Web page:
Film, it’s overrated…

Mamiya 7II, 80mm, Tri-X @800

Mamiya 7II, 80mm, Tri-X @800


The day Kodak stop making Tri-X will be a very sad day indeed, there’s no other film like it. Fuji Neopan 1600 came close, and I did use it quite a bit, but it was discontinued a couple of years back and not replaced with anything even slightly similar.
Mamiya 7II, 80mm, Tri-X @1600

Mamiya 7II, 80mm, Tri-X @1600


The thing I love about Tri-X is it’s ‘push-ability’, its box speed is 400iso, but I regularly shoot it at 800, 1600 and have gone as high as 3200 and still got a usable negative. For that classic creamy toned grain I rate Tri-X at 1600iso, at which I shot all the images here. This is something no £200 software can replicate, I don’t care what anyone says…
Ricoh GR1, 28mm, Tri-X @400

Ricoh GR1, 28mm, Tri-X @400

Mamiya 7II, 80mm, Tri-X @800

Mamiya 7II, 80mm, Tri-X @800

23 comments

  1. “The day Kodak stop making Tri-X…”

    No no no! Don’t even put that out into the world! It really is so versatile a film.

    (I really miss Neopan 1600. I’ve gone ahead with the 400, but it’s like dating someone on the rebound. It’s okay, but just not the same…)

  2. I’ve always done film…..D76 all the way…for decades. what’s great about film is it’s longevity. I frequently print decades-old negs. Then too, you can easily make a print that’s unique..nothing like an inkjet print…

  3. TriX is my all time favorite film. I’ve been stocking it for a while now but I’m afraid I’ll have to turn to Ilford sometime in the near future, and again I agree Neopan 1600 is just amazing good. I love using it at 6400 ISO.

    Have you tried the HP5+ or the Delta 400?

  4. As my confidence has increased (read: I don’t think I’ll blow an entire roll of film and get nothing); I’d like to start shooting some film this year. Can you give a newbie some recommendations?

    • Get yourself a cheap second hand 35mm, there’s plenty around. I’d recommend an Olympus OM1 or OM2 or Nikon FM, etc.
      I don’t develop much of my own stuff, I pay £4.50 to get the negs developed and then scan them myself. You can get a perfectly good scanner for less than £150.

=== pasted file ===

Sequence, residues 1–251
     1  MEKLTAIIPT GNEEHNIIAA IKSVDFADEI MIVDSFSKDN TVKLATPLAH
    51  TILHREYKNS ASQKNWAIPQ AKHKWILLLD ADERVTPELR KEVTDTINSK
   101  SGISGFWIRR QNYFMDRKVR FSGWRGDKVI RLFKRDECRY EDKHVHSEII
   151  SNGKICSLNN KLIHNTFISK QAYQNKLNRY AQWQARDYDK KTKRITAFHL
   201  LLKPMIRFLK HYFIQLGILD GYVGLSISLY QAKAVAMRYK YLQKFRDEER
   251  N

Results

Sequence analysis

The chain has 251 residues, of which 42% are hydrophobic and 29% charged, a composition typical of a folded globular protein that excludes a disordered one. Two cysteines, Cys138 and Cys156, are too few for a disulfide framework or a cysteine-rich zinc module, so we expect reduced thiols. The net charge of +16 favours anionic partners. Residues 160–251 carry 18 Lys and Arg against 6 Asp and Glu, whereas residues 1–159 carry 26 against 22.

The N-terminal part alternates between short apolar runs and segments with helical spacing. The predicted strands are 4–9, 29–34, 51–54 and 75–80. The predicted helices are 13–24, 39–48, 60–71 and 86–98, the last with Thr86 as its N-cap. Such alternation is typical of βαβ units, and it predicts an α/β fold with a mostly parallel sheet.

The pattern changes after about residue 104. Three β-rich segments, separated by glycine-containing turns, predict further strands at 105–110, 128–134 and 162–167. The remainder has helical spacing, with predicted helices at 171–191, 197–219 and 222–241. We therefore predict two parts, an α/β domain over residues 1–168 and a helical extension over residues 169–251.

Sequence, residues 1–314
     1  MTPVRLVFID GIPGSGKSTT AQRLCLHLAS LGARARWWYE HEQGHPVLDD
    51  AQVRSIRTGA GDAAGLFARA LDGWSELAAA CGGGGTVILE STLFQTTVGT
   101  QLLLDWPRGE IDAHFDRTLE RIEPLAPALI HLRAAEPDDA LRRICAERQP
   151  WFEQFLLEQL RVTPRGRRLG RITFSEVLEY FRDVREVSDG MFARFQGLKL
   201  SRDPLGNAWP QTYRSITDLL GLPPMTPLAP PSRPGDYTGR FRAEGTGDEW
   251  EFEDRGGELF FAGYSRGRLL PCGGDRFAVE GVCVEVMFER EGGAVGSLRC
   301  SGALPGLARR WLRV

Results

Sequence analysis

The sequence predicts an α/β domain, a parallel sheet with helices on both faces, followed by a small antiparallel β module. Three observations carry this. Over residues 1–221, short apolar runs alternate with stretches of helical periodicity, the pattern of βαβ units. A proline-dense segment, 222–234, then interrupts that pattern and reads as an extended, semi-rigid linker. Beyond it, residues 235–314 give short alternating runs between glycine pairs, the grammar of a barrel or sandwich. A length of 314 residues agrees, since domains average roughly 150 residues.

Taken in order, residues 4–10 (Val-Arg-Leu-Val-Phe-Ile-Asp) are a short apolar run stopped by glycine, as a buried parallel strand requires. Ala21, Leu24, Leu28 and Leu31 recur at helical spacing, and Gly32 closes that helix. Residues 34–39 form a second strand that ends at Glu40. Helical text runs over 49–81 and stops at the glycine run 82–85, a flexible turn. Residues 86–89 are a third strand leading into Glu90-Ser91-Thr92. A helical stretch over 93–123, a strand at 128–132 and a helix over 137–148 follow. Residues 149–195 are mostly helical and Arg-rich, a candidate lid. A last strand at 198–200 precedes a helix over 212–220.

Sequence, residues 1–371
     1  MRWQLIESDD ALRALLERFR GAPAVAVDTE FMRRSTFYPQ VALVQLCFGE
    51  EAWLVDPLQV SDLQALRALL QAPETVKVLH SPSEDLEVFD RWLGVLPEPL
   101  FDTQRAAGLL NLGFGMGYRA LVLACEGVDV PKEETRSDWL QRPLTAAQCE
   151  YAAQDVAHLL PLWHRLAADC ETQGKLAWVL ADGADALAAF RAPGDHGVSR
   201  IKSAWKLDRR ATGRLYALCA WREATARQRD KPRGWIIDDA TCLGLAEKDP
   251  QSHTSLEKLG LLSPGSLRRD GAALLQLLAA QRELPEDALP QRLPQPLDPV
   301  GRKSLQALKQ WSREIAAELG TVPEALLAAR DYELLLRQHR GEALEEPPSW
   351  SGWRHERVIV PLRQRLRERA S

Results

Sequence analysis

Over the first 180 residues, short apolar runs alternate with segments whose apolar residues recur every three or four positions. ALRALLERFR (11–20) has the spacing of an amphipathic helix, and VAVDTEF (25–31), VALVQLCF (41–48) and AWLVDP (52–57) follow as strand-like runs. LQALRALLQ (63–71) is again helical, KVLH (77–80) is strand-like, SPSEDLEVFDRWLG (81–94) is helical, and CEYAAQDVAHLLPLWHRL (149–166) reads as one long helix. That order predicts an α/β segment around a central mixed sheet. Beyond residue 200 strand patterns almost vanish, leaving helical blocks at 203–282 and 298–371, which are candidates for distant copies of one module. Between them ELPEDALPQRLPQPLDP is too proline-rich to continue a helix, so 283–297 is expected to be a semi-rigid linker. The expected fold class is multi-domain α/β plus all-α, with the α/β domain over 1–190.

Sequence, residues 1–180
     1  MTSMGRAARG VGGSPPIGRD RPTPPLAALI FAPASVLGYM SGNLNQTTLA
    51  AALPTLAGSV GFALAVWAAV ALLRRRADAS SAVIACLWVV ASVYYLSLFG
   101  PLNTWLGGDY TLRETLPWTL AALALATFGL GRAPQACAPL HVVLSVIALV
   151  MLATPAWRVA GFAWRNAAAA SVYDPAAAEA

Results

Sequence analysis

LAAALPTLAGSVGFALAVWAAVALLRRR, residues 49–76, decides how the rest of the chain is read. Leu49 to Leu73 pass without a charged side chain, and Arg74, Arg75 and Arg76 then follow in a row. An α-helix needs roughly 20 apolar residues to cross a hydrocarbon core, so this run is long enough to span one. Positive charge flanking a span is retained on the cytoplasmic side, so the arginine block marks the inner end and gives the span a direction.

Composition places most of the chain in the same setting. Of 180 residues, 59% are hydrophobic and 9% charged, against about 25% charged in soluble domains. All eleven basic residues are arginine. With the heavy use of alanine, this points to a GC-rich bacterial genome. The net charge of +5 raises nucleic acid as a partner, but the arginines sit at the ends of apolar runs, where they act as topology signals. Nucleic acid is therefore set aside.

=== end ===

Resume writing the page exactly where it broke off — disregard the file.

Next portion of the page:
Start out shooting 400 iso colour negative, it has a huge latitude/margin for mistakes.

      Shoot everything that interests you!

  5. Rick Schuster

    Great images and great post, as always. Just want to let you know that your posts consistently inspire me to get out and shoot more.

  6. You should really try developing your own stuff. It’s much less expensive and all of the equipment can be stored in a cupboard. No need for a darkroom – just a lightproof bag. It’s also another way to control the outcome of your prints as you play around with development times and a little bit of chemistry. Great post. Love seeing Tri-X (being a fan myself).

  7. These are beautiful! And yes it’s very sad about all of the different film types becoming discontinued – I haven’t had a film camera myself in probably ten years, because as my grandma says it’s so hard to find film these days (granted she lives in a small village in rural Manitoba so none of her stores carry film, but I see her point) but I want to take a photography class as an elective for my degree and they require that you use a 35mm camera remarkably, so I will be in the market once again! Your blog has been inspirational for the type of work you can still do with film, thank you.

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